It’s arguing that those who prioritize health over the immediate gratification of junk food choose sprouts over ice-cream (let’s say type A people), those who don’t, choose ice-cream (type B), and both abide by their truths. If there is such a one who wants ice-cream but picks sprouts, you might say he chooses discipline over truth (but to an outside observer, he’s no different from type A). There might even be someone who wants sprouts but chooses ice-cream (perhaps everyone’s having ice-cream and he doesn’t want to be the odd one out) – another one who chooses something else over his truth.

There’s another dilemma of the conflict between force and truth – happiness. All too often, you hear happiness is a choice, a skill, something you choose to be. And it is true, I think, but it’s not the whole truth.

A corollary is that happiness is objective, not dependent on circumstances or possessions. You can have everything and not be happy, or have nothing and be happy. Of course, it’s probably better to have something and be happy – only a renunciate could honestly disagree.

If happiness is a choice, then it makes sense to choose to be happy. Why would anyone not want to be happy? Unless they’re happier not being happy, or even being unhappy (not being happy needn’t imply being unhappy), in which case they still are happy, even if unhappily so.

Nevertheless, let’s assume there is such a person, who believes he isn’t happy, or at least that there’s something lacking in the happiness department. Where does one go from here – assuming that one wants to go somewhere, rather than remain where they are. One route is the happiness as a choice route – that I tell myself that it’s only in my mind, not in circumstances – that I can choose the happiness I want.

The alternative is to acknowledge the deficiency, accept it exists, and identify the causes. Does it make sense to be unhappy about it? I think not; unhappiness as a general state of mind is allowing one specific grievance to inflate and expand to determine your entire mood and mindset. But neither, I think, does it make sense to ignore the grievance one has and attempt to manipulate one’s mind, to convince yourself that yes, you’re happy, to just look at the millions with nothing who can still be happy, why can’t you?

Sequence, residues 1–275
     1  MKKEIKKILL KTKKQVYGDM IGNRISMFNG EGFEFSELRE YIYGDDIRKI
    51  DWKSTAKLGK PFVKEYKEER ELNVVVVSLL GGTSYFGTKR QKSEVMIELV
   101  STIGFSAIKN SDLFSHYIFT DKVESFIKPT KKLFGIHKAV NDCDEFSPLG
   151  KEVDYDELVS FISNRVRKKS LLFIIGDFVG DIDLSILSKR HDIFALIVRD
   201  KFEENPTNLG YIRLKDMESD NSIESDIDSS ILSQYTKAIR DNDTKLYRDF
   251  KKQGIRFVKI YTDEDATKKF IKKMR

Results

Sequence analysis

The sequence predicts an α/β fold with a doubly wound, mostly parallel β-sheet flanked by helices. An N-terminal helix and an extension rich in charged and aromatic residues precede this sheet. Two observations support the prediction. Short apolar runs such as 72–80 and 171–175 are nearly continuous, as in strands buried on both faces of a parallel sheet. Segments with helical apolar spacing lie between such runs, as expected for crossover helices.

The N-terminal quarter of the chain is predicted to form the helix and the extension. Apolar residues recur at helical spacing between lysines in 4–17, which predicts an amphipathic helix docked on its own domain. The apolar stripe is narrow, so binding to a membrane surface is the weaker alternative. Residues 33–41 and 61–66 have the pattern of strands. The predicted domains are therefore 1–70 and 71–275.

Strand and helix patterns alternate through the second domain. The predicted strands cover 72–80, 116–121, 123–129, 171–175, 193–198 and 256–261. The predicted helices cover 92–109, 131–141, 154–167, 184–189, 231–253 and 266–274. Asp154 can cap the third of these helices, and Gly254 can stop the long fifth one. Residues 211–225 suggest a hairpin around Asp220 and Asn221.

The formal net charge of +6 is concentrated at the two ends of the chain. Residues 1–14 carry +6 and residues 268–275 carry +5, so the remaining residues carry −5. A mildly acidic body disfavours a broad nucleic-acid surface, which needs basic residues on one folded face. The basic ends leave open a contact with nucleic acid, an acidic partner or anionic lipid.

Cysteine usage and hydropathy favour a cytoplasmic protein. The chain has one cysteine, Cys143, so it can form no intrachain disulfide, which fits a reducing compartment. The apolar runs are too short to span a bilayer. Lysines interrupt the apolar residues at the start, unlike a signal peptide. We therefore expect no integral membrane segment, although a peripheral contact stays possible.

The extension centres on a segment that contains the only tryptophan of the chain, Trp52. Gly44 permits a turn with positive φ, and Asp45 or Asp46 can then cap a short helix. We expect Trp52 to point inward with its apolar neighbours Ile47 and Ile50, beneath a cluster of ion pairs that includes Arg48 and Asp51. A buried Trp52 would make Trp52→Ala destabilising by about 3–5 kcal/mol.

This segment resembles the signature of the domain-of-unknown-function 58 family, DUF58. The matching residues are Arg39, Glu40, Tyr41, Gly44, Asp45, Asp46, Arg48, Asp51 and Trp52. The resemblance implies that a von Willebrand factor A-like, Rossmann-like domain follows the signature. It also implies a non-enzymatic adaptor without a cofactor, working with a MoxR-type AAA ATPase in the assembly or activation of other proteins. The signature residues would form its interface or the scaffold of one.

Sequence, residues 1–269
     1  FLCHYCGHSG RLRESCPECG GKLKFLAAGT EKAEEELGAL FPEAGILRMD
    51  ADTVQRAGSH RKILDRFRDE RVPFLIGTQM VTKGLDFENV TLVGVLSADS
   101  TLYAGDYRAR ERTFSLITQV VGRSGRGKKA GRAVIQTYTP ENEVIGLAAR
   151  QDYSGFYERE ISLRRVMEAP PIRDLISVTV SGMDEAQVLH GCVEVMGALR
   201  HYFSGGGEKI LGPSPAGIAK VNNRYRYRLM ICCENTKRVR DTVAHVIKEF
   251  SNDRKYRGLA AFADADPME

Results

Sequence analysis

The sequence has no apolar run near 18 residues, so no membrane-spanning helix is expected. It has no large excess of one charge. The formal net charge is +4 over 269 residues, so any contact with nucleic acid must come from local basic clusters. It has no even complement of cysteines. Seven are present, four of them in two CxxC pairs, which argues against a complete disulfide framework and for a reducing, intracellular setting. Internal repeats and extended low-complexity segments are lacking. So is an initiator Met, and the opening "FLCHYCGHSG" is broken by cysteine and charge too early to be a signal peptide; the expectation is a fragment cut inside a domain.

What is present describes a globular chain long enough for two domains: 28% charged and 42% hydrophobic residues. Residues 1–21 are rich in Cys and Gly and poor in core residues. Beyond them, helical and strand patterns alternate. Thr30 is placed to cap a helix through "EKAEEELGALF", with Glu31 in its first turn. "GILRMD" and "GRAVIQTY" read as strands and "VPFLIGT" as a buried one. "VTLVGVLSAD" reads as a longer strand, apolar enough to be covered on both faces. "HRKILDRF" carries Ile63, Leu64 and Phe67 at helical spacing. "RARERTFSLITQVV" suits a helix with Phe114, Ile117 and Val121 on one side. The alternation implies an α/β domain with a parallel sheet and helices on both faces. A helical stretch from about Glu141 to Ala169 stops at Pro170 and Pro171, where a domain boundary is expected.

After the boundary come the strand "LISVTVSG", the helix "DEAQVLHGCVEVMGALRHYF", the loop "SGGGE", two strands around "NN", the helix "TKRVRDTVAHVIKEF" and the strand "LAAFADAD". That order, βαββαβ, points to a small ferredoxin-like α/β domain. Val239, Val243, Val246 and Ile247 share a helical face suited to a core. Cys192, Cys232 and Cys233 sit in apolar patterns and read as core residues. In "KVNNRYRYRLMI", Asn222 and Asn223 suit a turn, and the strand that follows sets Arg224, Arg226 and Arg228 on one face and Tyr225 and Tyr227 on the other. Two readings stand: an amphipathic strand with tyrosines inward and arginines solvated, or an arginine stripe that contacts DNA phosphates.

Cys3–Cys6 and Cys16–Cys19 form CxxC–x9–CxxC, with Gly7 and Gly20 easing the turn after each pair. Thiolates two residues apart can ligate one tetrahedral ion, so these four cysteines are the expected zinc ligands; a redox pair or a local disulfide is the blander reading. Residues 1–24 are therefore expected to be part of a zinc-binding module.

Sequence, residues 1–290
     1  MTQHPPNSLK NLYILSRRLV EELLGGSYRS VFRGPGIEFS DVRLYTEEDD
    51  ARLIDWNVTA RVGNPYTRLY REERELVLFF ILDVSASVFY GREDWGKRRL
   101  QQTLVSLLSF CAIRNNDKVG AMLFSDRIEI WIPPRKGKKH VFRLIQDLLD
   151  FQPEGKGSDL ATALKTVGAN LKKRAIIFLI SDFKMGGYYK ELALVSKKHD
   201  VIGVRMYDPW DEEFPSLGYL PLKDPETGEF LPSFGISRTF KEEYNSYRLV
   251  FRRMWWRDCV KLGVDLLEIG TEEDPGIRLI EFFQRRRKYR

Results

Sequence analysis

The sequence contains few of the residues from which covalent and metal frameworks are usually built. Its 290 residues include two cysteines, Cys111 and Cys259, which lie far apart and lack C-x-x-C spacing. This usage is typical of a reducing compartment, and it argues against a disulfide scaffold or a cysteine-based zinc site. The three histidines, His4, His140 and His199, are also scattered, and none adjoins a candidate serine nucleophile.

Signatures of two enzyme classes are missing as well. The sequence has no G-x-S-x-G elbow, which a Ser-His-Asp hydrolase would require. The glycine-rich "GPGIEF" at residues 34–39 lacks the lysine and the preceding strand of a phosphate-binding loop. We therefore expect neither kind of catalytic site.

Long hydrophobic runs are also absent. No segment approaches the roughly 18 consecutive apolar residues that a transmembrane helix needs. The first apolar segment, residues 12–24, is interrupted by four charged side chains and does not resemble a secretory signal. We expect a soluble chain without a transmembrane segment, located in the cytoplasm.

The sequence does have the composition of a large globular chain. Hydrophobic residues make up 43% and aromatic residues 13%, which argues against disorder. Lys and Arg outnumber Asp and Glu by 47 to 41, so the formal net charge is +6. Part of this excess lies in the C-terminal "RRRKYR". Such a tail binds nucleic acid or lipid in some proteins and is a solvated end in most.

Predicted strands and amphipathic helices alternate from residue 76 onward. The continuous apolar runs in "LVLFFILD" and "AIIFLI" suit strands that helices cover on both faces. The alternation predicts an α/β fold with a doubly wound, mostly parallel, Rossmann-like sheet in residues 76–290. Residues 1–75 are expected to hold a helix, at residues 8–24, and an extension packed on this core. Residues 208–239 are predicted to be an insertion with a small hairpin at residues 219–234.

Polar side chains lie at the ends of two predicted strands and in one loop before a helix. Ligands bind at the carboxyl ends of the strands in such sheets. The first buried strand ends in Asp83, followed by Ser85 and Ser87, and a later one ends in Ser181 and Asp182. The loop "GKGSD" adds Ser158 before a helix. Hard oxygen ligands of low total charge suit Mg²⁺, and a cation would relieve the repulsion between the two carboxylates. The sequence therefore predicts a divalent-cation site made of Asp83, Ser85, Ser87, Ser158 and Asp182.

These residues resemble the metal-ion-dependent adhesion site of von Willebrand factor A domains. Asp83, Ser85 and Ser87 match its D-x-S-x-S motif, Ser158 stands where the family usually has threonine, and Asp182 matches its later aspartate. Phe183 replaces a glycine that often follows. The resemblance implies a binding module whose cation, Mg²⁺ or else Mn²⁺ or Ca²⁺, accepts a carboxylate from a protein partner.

Force would be to seek to ‘will’ myself to happiness, tell myself I must be stoic or zen – even if I’m not. At its saddest, it might be resigning oneself to one’s fate; at its worst, it’s a stoic pseudo-wisdom. Truth would be to acknowledge and accept what I am, though perhaps not make it more than what it is, not exaggeratedly mould one source of ire into a grim life. It’s after you identify truth that you can think about acting on it, about working on what it is that’s the cause of discontent.

It’s when there’s nothing you can do about the situation – think Viktor Frankl in Auschwitz – that truth and force bring you to the same conclusion. But when it’s not out of my control – and it usually isn’t, I suppose – then picking force over truth might not be my best response.